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Mitt in the Promised Land

So, it would appear to me that Mitt has breezed through “the promised land” without much trouble —  for now.  Unfortunately, there were some implied promises.  He let the Israelis know that, if elected, he will be Netanyahu’s puppy dog.  Israel can do whatever they want (steal more land on the west bank, bomb Iran) and the US will be a cheerleader for them.  If Mitt were running for prime minister of Israel, Netanyahu had best be afraid.  Unfortunately, that is not what is happening.

Mitt is running for President of the United States.  Israel is not a state in the union.  I don’t think that Mitt understood that.  In fairness that is an easy mistake to make.  He was probably briefed by Michelle Bachmann who might think that Israel IS a state in the union.  Israel has interests that often do not coincide with ours.  I believe that if Iran is going after the bomb, there is not much we can do about it.  Bombing might work (I have my doubts) in the short run, but the knowledge of how to build the bomb will still be there.  The cat is out of the bag.  There will be enough Iranian scientists to throw together another bomb or two in pretty short order.  Realistically, the world never should have stood by when India and then Pakistan built the bomb.  After that, it was simply too late.

What Mitt (or any US leader) needs to do is to show the Palestinians that, no matter what the political situation in the US is, he can be fair.  No one ever did that better than Bill Clinton.  In July 2000, when the Israelis and the Palestinians were negotiating in the US there almost was a deal.  Clinton seemed to know Jerusalem and the West Bank neighborhood by neighborhood.  I read that both sides were pretty impressed.  So, why wasn’t there a deal?  One thing that I read was that Arafat was afraid to sign simply because there were too many people in the Arab world that didn’t want a deal and might try to assassinate him.  Another thing that I had read was that Arafat was beginning to show signs of dementia and simply couldn’t make up his mind.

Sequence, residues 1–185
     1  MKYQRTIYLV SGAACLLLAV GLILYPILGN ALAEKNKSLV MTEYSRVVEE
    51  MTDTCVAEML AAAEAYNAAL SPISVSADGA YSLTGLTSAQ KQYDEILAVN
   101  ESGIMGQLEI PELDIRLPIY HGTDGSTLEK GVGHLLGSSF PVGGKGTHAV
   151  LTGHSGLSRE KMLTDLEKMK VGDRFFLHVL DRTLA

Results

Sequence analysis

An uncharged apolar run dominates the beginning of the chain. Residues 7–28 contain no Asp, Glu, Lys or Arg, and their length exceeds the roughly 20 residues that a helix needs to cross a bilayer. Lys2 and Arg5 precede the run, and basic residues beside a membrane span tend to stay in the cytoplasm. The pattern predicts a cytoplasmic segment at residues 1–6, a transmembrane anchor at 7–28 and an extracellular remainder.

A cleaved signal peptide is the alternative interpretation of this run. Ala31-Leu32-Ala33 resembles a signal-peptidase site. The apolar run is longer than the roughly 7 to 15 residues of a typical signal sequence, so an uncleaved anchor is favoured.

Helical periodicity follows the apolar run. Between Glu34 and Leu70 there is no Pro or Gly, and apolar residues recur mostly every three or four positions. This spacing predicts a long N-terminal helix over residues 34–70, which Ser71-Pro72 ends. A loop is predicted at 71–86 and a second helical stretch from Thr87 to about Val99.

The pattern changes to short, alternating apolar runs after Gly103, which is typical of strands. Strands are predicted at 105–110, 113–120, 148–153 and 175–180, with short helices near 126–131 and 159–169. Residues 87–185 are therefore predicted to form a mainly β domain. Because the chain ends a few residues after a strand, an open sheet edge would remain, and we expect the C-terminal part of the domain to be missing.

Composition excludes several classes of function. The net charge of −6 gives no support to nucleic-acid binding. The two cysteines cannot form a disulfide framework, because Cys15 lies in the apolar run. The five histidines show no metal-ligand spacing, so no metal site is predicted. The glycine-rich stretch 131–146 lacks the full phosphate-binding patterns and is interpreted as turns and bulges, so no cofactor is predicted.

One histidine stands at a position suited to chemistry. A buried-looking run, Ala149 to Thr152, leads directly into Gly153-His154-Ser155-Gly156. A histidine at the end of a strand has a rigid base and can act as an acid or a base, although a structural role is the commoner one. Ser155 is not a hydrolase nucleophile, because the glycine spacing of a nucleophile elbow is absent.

On the other side, the Prime Minister of Israel Ehud Barak was offering concessions that the Israeli parliament might not be willing to accept.  For a while, it was hopeful.  But at the end, the illusive Middle Eastern peace was not to be.  It was just a mirage.

During the Bush era — well, it makes me ill to talk about those wasted 8-years.

President Obama did seem to try to be fair but he doesn’t seem to have the ability to build a personal relationship with the Israeli and Arab leaders.  Certainly he seems to have tried, but when he gets double-crossed by the Israelis (they said they wouldn’t build on the west bank — and then they did) and he doesn’t slap them hard for that, he looks like a wimp in the Israeli eyes as well as the Arab eyes.

A defender of Obama can point out that with all the extremely right wing people that we have in congress, they could easily make Obama look even worse by appropriating more money for Israel no matter what Israel does — in order to humiliate the president.

I guess that all I can hope right now is that IF Israel tries to bomb Iran, we (1) stay out of it, (2)assure the Iranians that we are really not involved, and (3) the Iranians believe it.

To get a better understanding of the two Middle Eastern Leaders:

Mahmoud Abbas (age 77) is officially the Chairman of the Palestine Liberation Organization (PLO).  He is also the Prime Minister of the Palestinian National Authority.  He has a Phd. from Friendship University in Moscow.  His Thesis was, The Other Side: the Secret Relationship between Nazism and Zionism.  Parts of his book could be reasonably be described as Holocaust denial.  He claims that was not the intent.

Benjamin Netanyahu (age 62) has an engineering degree from Massachusetts Institute of Technology in Boston.  He has written five books, mostly on the subject of counter-terrorism.  Like most Israelis, he served in the Israel Defense Forces (IDF).  His time of service was from 1967 through 1973 — fighting in the “War of Attrition”, and the “Yom Kippur War”.  He left the IDF as a Captain in the Sayeret Matkal – hostage rescue and counter-terrorism.  They are one of Israel’s most elite military units.


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